Courtesy of Verizon
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If someone were to say "video games" to you, what are the first words that come to mind? Whatever words you thought of (fun, exciting, etc.), we're willing to guess "healthy" or "mental health tool" didn't pop into your mind.

And yet… it turns out they are. Especially for Veterans.

How? Well, for one thing, video games — and virtual reality more generally — are also more accessible and less stigmatized to veterans than mental health treatment. In fact, some psychiatrists are using virtual reality systems for this reason to treat PTSD.

Secondly, video games allow people to socialize in new ways with people who share common interests and goals. And for Veterans, many of whom leave the military feeling isolated or lonely after they lose the daily camaraderie of their regiment, that socialization is critical to their mental health. It gives them a virtual group of friends to talk with, connect to, and relate to through shared goals and interests.

In addition, according to a 2018 study, since many video games simulate real-life situations they encountered during their service, it makes socialization easier since they can relate to and find common ground with other gamers while playing.

This can help ease symptoms of depression, anxiety, and even PTSD in Veterans, which affects 20% of the Veterans who have served since 9/11.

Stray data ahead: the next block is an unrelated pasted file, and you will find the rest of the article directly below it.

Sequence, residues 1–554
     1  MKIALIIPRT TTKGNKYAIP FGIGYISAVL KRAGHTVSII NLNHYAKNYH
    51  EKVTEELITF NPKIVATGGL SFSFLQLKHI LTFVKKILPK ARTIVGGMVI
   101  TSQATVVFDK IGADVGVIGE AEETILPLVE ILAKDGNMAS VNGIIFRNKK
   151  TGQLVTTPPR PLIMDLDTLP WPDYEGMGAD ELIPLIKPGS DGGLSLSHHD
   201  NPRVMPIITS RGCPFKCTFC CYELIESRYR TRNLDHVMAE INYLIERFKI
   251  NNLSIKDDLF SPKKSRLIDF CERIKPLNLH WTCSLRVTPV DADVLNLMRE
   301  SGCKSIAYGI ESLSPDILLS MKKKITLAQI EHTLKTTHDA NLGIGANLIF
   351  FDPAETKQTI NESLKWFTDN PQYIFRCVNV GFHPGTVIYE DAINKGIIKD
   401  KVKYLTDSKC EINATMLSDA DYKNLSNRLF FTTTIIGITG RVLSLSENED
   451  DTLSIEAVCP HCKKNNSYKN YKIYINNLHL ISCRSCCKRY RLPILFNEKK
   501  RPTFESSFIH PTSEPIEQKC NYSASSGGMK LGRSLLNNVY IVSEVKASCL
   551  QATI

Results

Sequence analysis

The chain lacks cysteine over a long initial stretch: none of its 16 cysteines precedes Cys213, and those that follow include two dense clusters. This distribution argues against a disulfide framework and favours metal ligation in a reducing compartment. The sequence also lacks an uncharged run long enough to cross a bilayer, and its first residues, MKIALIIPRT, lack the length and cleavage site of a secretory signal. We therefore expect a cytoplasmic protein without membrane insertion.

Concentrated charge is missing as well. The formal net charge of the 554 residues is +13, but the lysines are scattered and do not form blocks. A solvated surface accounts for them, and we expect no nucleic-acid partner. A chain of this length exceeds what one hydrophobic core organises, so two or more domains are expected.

Watch here as Verizon dives into the stories of three Veteran gamers to learn how video games helped them build community, deal with trauma and have some fun.

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Video games have been especially beneficial to Veterans since the beginning of the pandemic when all of us — Veterans included — have been even more isolated than ever before.

And that's why Verizon launched a challenge last year, which saw $30,000 donated to four military charities.

And this year, they're going even bigger by launching a new World of Warships charity tournament in partnership with Wargaming and Wounded Warrior Project called "Verizon Warrior Series." During the tournament, gamers will be able to interact with the game's iconic ships in new and exciting ways, all while giving back.

Together with these nonprofits, the tournament will welcome teams all across the nation in order to raise money for military charities helping Veterans in need. There will be a $100,000 prize pool donated to these charities, as well as donation drives for injured Veterans at every match during the tournament to raise extra funds.

Verizon is also providing special discounts to Those Who Serve communities, including military and first responders, and they're offering a $75 in-game content military promo for World of Warships.

Tournament finals are scheduled for August 8, so be sure to tune in to the tournament and donate if you can in order to give back to Veterans in need.

Courtesy of Verizon

Ready for the weekend? Of course, you are. Here's our weekly dose of good vibes to help you shed the stresses of the workweek and put yourself in a great frame of mind.

These 10 stories made us happy this week because they feature amazing creativity, generosity, and one super-cute fish.

1. Diver befriends a fish with the cutest smile

Hawaiian underwater photographer Yuki Nakano befriended a friendly porcupine fish and now they hang out regularly.